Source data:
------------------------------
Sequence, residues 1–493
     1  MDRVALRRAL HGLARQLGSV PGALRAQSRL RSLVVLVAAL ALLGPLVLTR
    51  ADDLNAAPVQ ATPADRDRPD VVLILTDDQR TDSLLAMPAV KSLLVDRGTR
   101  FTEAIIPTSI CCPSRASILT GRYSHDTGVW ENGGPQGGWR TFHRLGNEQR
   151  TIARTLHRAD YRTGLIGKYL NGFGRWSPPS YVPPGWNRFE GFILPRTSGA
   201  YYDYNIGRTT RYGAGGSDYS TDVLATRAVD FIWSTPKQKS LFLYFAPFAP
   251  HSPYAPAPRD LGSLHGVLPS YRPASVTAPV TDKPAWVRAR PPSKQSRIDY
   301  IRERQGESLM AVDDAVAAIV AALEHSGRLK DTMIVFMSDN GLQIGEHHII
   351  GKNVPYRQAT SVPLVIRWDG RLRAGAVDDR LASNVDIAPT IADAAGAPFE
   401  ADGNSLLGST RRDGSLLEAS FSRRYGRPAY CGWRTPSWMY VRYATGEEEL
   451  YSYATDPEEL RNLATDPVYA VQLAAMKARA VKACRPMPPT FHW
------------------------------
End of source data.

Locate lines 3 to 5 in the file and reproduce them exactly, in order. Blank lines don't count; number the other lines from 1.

    51  ADDLNAAPVQ ATPADRDRPD VVLILTDDQR TDSLLAMPAV KSLLVDRGTR
   101  FTEAIIPTSI CCPSRASILT GRYSHDTGVW ENGGPQGGWR TFHRLGNEQR
   151  TIARTLHRAD YRTGLIGKYL NGFGRWSPPS YVPPGWNRFE GFILPRTSGA